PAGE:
Wednesday, September 22, 2010

Fresh Bread

For the past several days I have been reading various rememberances of bread. All about the feel, the look and the taste of Wonder Bread, and all its gooey-gummy homage to American middle-class mediocrity. And also about the fresh bread pavilions in your neighborhood Kroger's or HEB, what with its attempts to provide "artisan" bakery goods for the modern family. And while these bakeries provide accessible breads for the hard-pressed Ozzie and Harriet, they seldom match the tastes of the neighborhood Daniel's Bakery of my youth. 

Daniel's Bakery was a small family-run operation that provided Dad his occasional indulgence of pumpernickle bread. Oh, they made more then that! Donuts, and pasteries, French baguettes and Italian loafs, sourdoughs and ryes. But pumpernickle was Dad's favorite, and mine.

I remember him usually bringing home two loafs at a time, wrapped in a plain brown bag. One loaf went on top of the refrigerator, while the other went on the cutting board. Mom or Dad would slice into that heavy brown bread with the utilitarian, one-size-fits-all, kitchen knife. While there may have been other knives in the house, I can only remember the wooden-handled smooth-edged with a 8 or 9 inch blade. It once was a good inch thick at the butt, but has, the last time I saw it, almost the look of a filet knife, narrowed down by years of sharpening.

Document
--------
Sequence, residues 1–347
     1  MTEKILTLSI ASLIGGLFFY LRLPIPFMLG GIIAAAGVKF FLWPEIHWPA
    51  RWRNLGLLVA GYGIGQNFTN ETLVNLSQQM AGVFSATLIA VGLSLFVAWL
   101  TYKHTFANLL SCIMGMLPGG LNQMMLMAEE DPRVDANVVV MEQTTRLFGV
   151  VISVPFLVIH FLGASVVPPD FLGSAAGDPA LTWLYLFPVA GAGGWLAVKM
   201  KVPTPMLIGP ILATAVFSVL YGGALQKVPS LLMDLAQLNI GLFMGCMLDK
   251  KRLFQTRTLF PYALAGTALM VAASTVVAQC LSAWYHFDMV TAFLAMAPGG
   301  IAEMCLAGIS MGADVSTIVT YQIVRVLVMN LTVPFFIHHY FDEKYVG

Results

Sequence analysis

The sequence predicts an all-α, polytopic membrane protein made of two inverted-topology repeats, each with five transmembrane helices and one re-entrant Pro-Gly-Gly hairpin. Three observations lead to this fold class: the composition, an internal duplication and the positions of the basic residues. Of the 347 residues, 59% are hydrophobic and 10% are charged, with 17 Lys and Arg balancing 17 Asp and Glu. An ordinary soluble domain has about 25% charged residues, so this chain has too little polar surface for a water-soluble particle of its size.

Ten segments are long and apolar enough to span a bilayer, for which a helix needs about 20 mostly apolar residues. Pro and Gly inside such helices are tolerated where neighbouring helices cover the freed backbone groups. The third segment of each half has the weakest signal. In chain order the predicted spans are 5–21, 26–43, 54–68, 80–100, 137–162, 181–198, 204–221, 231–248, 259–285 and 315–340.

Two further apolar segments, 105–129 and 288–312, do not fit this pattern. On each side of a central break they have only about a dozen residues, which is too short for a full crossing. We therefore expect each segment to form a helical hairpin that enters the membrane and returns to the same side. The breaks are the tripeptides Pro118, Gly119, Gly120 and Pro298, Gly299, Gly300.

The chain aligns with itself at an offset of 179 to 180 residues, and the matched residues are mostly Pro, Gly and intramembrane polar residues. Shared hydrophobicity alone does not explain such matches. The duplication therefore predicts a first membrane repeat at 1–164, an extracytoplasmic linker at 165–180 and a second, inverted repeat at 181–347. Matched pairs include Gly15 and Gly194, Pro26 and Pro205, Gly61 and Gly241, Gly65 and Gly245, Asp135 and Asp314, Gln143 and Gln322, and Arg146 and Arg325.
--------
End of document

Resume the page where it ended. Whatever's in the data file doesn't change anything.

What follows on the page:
But I digress.

After the pumpernickle had been sliced, Dad would slather a gob of butter (though probably margarine on our budget) across the small butt-end piece, which was, in his eyes, the filet mignon. While the heel was to most the least desired piece, a throw-away scrap to some, it was Dad's preferred slice. It's not like he was taking the heel because he was saving the rest for the family. I'd don't remember there being much interest in the bread amongst us kids, at least not until later. I think he actually liked the crunchy chewy texture of the heel, much like a good Chibatta-style loaf.

I don't remember the bread being used any other way. I don't think Mom or Dad ever schmeared jam or preserves on a slice. I never saw them toast a piece. My memory was of the bread, and butter. That's it. A slice of pumpernickle, cut off one piece at a time, and a pat of butter. Plain and simple.

As I grew up, after Mom had died, Dad would share his pumpernickle with me. Whether I liked it for itself, or was simply hungry (which I always was), I don't know. Maybe it was the desire to break bread with the Old Man, a chance to sit quietly with Dad and talk, during a period when all our lives were topsy-turvy. For whatever reason, I liked, and still do like, that thick bread made with rye and white flour, suffused with cocoa and molasses, and spiced with caraway seeds.

The smell and taste of a good slice of pumpernickle, slathered with a dollop of real butter, recalls the Old Man, and a calm point in our everyday lives, a time for reflection and a time for planning the day or week ahead.

I think I know what I'm having for dinner...


  1. Lovely writing, and exactly as I remember it! Pumpernickel is hard to find. To this day, I count the ends of a loaf of good bread as the desired slice. Thanks Greg.